Yellowtail, Metcalfe and Other Native Fashion Entrepreneurs Launched New Businesses in 2016

Last year was strong for Native designers, including Bethany Yellowtail, Jessica Metcalfe, Ahsaki Báá LaFrance-Chachere, and Maria Running Fisher Jones.

Last year was a hallmark year for Native entrepreneurs in the fashion industry. The following four businesswomen (Bethany Yellowtail, Jessica Metcalfe, Ahsaki Báá LaFrance-Chachere and Maria Running Fisher Jones)—who all grew up on a reservation—launched e-commerce platforms, or physical retail stores in addition to their online spaces, to sell Native-made designs to international audiences.

Each website and store showcases the authentic, creative and high-quality work of Native artisans.

Bethany Yellowtail

June 2016 saw the launch of designer Bethany Yellowtail’s new e-commerce initiative in partnership with other Native artists: The B. Yellowtail Collective.

The e-commerce retail initiative features jewelry, beadwork, textiles, handbags, and other accessories handmade by Native artists. All pieces are one-of-a-kind, created through traditional design methods passed down for many generations.

Since the inception of Yellowtail’s clothing line in 2014, the designer says she has envisioned a collaborative project with Native American artists and designers who often lack retail opportunities due to their remote locales.

“What makes The Collective so unique is that the people will now have a direct connection to the authentic, creative source of what they’re purchasing. It is very important to know and understand the artist behind the work,” Yellowtail previously told Indian Country Media Network.

“There will now be a face and a name behind their work, not just a generic idea of Native American product,” Yellowtail said, “Consumers will be able to see their faces, hear their voices, and understand the significance and individuality behind their designs and concepts.”

Visit The Collective and shop the full b.YELLOWTAIL collection.

Jessica Metcalfe

In May 2016, after four years of successfully operating her online marketplace,, Dr. Jessica Metcalfe opened her first physical Beyond Buckskin retail store on the Turtle Mountain Reservation in North Dakota.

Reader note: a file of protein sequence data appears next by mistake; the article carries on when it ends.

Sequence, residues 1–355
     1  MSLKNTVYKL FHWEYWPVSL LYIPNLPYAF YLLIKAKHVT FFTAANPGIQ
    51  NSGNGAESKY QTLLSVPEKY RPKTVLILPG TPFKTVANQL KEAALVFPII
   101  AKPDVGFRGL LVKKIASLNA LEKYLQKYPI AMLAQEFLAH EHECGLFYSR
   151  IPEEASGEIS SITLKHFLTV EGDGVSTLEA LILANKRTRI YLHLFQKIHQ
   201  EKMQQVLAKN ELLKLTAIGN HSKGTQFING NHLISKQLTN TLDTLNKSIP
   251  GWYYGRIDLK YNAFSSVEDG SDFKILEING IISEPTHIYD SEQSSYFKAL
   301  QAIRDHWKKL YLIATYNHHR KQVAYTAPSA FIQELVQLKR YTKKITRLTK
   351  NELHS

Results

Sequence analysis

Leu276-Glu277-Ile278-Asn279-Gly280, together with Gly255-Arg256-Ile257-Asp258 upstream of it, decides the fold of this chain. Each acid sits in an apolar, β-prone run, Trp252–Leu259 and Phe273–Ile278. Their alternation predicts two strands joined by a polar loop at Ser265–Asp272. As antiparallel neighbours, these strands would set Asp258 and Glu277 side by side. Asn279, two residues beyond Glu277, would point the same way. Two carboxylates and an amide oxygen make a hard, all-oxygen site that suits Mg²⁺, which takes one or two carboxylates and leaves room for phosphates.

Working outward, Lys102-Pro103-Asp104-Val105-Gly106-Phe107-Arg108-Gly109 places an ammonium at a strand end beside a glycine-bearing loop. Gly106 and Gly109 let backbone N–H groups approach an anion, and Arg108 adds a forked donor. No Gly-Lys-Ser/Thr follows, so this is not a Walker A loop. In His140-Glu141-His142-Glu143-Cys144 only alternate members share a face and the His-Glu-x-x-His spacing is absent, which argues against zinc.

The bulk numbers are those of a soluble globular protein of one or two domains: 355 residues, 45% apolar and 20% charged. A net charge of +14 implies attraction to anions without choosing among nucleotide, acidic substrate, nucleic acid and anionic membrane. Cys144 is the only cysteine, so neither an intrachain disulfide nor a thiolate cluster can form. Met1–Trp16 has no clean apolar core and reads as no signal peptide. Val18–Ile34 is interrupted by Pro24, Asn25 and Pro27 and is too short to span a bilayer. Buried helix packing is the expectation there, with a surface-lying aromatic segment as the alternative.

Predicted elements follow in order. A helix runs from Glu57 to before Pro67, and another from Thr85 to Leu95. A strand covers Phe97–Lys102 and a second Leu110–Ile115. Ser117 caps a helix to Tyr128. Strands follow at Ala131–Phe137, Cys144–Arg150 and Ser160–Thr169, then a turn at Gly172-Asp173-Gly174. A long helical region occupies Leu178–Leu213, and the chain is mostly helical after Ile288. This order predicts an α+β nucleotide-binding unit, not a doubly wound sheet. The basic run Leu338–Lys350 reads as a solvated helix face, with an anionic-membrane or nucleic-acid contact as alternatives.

Her boutique, like her website, features designs by dozens of acclaimed Native artists, fashion and jewelry designers. The store in rural Belcourt also serves as her new headquarters for working on, an e-commerce site for Native people to sell art worldwide.

“It’s not a fashion mecca by any means,” Metcalfe said of Belcourt, “but it’s home.”

And Metcalfe’s retail store is boosting the local economy.

“This is not a grant-funded organization,” she explained, “This is a business. We can bring in money from halfway around the world to the Turtle Mountain Indian Reservation.”

“Hopefully,” she added, “Beyond Buckskin becomes a mainstay in the Turtle Mountains. I envision hiring aspiring artists and business owners to work with us for a couple of months or a couple of years and eventually going out and launching their own businesses.”

Also in summer of 2016, Metcalfe launched Beyond Buckskin’s international wholesale program, bringing Native-made fashion to stores and boutiques around the globe.

Jessica Metcalfe in her new store on the Turtle Mountain Reservation in Belcourt, North Dakota.

Jessica Metcalfe in her new store on the Turtle Mountain Reservation in Belcourt, North Dakota.

Ahsaki Báá LaFrance-Chachere

In February, then-25-year-old Navajo and African American businesswoman Ahsaki Báá LaFrance-Chachere launched her Four Arrows boot line and retail website, The brand is largely targeted at rodeo hands, like her husband and business co-founder Dennis Chachere, a Professional Rodeo Cowboys Association tie-down roper from Houston, Texas.

The couple markets Four Arrows by sporting the products, as well as regularly posting photos and updates on Facebook (4 Arrows), Instagram (4arrows_westernwear) and Twitter (@_fourarrows). “I’m just so excited,” regularly repeats LaFrance-Chachere, who was raised in Besh-Be-Toh on the Navajo Reservation in Northeastern Arizona.